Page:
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May, 2005

"Light" Lunch Reading

Went outside for lunch today and read two very interesting articles I thought I'd share. They really couldn't be much more different, but both include lots of worthwhile thinking material.

The first, and more disturbing of the two, is an article written for Foreign Policy by Robert McNamara warning the United States that it needs to adjust nuclear policy before it's too late. The article, titled "Apocalypse Soon" speaks for itself, so I'll just include a few excerpts.

To declare war requires an act of congress, but to launch a nuclear holocaust requires 20 minutes’ deliberation by the president and his advisors.

. . .

There is no way to effectively contain a nuclear strike—to keep it from inflicting enormous destruction on civilian life and property, and there is no guarantee against unlimited escalation once the first nuclear strike occurs. We cannot avoid the serious and unacceptable risk of nuclear war until we recognize these facts and base our military plans and policies upon this recognition.

. . .

Human beings are fallible. In conventional war, mistakes cost lives, sometimes thousands of lives. However, if mistakes were to affect decisions relating to the use of nuclear forces, there would be no learning curve. They would result in the destruction of nations. The indefinite combination of human fallibility and nuclear weapons carries a very high risk of nuclear catastrophe. There is no way to reduce the risk to acceptable levels, other than to first eliminate the hair-trigger alert policy and later to eliminate or nearly eliminate nuclear weapons. The United States should move immediately to institute these actions, in cooperation with Russia. That is the lesson of the Cuban Missile Crisis.

Just go read it now.

Next up is a New Yorker review of Steven Johnson's new book Everything Bad is Good for You by Malcolm Gladwell. Gladwell's discussion of the book is quite interesting, but actually my favorite part was this excerpt from Johnson's book. What follows is Johnson's imaginary critique of books had video games been invented hundreds of years ago and books within the last few decades.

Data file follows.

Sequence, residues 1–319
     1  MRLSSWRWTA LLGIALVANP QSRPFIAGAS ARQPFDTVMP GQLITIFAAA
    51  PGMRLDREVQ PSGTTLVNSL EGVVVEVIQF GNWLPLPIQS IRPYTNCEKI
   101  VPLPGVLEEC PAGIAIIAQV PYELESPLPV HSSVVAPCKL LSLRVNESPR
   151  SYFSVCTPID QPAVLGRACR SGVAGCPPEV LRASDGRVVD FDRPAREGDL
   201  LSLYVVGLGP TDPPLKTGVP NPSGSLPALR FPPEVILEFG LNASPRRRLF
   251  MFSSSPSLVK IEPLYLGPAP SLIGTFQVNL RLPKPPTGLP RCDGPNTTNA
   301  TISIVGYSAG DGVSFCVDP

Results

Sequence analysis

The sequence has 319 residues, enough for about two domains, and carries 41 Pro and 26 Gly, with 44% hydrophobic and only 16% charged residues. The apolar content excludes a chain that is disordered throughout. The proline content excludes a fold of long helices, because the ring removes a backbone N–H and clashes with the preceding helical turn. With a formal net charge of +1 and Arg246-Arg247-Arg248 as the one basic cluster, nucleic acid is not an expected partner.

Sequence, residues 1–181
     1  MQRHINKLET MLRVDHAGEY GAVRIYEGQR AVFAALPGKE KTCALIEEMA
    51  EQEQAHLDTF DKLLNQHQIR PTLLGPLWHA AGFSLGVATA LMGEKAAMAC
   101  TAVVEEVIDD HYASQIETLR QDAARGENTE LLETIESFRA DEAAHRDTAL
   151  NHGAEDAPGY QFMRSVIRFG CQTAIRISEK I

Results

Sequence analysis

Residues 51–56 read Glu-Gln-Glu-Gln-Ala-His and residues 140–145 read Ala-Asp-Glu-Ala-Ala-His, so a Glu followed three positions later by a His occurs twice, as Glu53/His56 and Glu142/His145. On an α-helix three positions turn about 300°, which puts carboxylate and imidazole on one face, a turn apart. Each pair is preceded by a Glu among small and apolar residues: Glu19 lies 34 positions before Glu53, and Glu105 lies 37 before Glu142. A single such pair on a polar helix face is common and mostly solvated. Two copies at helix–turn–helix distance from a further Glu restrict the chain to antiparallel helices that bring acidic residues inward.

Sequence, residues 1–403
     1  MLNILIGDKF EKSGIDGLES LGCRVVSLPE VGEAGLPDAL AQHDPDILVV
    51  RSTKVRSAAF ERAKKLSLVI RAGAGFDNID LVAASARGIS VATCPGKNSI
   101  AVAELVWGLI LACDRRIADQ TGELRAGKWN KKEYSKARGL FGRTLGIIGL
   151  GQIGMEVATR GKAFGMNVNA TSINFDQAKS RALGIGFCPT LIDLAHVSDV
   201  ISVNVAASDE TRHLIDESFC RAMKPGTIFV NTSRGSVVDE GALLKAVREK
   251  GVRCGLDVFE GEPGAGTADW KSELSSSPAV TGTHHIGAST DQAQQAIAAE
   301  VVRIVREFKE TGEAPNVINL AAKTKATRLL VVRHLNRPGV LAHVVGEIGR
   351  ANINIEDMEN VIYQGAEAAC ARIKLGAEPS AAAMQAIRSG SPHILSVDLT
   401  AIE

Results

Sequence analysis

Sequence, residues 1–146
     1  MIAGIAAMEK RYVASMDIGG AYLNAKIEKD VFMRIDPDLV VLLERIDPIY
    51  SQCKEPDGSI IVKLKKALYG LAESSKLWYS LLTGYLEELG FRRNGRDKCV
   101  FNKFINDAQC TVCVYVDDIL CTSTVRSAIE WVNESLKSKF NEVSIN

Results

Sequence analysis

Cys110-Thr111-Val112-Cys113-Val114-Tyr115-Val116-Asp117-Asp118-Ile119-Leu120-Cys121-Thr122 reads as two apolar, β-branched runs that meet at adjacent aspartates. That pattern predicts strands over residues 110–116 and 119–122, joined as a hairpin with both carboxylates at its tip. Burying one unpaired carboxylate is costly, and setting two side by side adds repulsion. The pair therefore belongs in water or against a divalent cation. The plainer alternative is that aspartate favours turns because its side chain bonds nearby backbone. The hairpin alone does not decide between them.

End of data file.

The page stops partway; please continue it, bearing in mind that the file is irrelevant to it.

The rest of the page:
Reading books chronically understimulates the senses. Unlike the longstanding tradition of gameplaying—which engages the child in a vivid, three-dimensional world filled with moving images and musical sound-scapes, navigated and controlled with complex muscular movements—books are simply a barren string of words on the page. . . .
Books are also tragically isolating. While games have for many years engaged the young in complex social relationships with their peers, building and exploring worlds together, books force the child to sequester him or herself in a quiet space, shut off from interaction with other children. . . .
But perhaps the most dangerous property of these books is the fact that they follow a fixed linear path. You can’t control their narratives in any fashion—you simply sit back and have the story dictated to you. . . . This risks instilling a general passivity in our children, making them feel as though they’re powerless to change their circumstances. Reading is not an active, participatory process; it’s a submissive one.
Falling into one mode of thinking is dangerous and that's what Gladwell is highlighting. The book sounds interesting and Gladwell's review is worth a read.
May 12, 2005
Noah Brier | Thanks for reading. | Don't fake the funk on a nasty dunk.